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I have a DSL router which acts as NAT (SNAT & DNAT). I have setup a server on internal network (10.0.0.2 at port 43201). DSL router was configured to "port forward" (or DNAT) all incoming connections to 10.0.0.2:43201.

I created a virtual server for port forwarding on DSL router. I also added following iptables rules for port forwarding.

iptables -t nat -A PREROUTING -p tcp -i ppp_0_1_32_1 --dport 43201 -j DNAT --to-destination 10.0.0.2:43201
iptables -I FORWARD 1 -p tcp -m state --state NEW,ESTABLISHED,RELATED -d 10.0.0.2 --dport 43201 -j ACCEPT

# ppp_0_1_32_1 is routers external interface.
# routers internal IP address is 10.0.0.1 and server is setup at 10.0.0.2:43201

Problem is that connections coming from external IP addresses are able to access internal server using External IP address, but internal clients (under NAT) are not able to access server using external IP address.

Example: http://<external_address>:43201 is working from external clients
But, internal clients are not able to access using http://<external_address>:43201

This seems to be similar to the problem described in http://www.netfilter.org/documentation/HOWTO/NAT-HOWTO-10.html (NAT HOW-TO Destination NAT Onto the Same Network).

Firstly, I am not able to understand why is this a problem for internal clients? Secondly, what iptables rule will enable internal clients to access server using external IP address? Please suggest.

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2 Answers 2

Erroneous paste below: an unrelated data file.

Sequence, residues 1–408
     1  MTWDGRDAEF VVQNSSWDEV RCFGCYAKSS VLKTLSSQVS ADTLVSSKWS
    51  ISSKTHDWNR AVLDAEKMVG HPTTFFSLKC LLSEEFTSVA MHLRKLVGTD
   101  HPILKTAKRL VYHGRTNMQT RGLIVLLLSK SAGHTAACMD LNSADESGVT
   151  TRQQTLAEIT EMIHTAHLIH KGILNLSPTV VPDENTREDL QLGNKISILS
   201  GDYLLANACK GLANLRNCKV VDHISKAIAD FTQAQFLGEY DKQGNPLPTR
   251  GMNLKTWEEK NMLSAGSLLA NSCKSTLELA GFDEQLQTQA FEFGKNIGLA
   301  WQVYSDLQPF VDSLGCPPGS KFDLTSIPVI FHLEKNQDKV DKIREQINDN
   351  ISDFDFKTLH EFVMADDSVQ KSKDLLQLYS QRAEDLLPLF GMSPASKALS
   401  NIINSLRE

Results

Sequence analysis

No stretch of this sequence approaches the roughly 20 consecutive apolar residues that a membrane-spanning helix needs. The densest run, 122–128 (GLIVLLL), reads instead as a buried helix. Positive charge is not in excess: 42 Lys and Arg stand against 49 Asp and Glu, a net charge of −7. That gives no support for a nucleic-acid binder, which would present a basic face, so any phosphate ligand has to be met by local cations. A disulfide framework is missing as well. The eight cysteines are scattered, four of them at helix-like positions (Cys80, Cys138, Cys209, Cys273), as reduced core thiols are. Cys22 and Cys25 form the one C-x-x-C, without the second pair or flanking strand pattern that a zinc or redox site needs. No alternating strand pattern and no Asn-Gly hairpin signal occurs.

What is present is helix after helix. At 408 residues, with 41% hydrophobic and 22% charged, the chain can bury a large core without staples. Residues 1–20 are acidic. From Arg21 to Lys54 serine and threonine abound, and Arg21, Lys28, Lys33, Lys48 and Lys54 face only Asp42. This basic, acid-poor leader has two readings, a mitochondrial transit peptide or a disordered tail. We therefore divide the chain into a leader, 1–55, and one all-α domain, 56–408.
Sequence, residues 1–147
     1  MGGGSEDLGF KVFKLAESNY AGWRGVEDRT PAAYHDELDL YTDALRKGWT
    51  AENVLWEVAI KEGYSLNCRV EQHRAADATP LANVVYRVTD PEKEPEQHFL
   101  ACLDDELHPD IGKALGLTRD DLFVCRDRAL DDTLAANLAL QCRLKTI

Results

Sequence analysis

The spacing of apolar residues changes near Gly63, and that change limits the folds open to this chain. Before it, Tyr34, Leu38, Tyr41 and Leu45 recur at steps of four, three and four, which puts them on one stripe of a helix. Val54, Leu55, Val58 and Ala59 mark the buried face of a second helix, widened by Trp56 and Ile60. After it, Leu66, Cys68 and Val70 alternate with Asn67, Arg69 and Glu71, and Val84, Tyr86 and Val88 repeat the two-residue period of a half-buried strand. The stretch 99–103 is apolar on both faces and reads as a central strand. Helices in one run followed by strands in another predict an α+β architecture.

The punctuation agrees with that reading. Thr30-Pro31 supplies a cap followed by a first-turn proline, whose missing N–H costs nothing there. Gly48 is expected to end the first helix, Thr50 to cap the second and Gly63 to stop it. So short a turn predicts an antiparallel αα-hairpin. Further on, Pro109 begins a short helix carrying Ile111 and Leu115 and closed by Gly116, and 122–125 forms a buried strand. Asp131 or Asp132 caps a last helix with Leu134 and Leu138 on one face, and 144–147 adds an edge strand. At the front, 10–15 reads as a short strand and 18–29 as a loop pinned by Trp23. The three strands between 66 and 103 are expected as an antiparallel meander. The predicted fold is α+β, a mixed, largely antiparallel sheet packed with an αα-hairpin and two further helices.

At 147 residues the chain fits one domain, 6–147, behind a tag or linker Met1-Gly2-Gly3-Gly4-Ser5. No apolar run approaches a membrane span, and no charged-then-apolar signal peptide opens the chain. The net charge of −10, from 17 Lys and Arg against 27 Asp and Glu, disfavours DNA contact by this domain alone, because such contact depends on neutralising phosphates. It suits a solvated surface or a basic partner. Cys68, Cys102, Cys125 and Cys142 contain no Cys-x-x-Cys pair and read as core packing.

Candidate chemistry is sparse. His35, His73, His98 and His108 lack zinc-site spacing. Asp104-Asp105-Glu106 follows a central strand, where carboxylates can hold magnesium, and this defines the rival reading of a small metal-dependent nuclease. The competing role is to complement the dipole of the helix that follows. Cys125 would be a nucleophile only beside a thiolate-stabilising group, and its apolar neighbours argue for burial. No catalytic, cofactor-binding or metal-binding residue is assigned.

up vote 2 down vote accepted

This is because if your internal client tries to communicate with the server (within the same subnet) using the public IP, it has to send the request via the gateway (NAT box). The gateway will then do the DNAT from public IP to server private IP and then forwards it.

In the normal case, the web server will a request coming from the internal client IP address (same subnet). So, it will send back the reply directly without going through the gateway. The client will refuse to process the reply as it is sending to public IP and receiving the response from another (private) IP. It is confusing. Isn't it?

One solution is to talk to the server using private IP from internal clients. This can be hidden by implementing DNS split (internal & external views).

Another option is to force the traffic (from/to server) to go via the gateway (NAT box).

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Not only is it similar to the problem described in the link it is identical to the problem described in the link. Either do the split horizon DNS as mentioned by Khaled or add a SNAT like so (as described in that link):

iptables -t nat -A POSTROUTING -d 1.2.3.4 -s 10.0.0.0/24 \
  -p tcp --dport 43201 -j SNAT --to 10.0.0.2

I'm assuming the external IP is 1.2.3.4 and the internal subnetwork is a /24.

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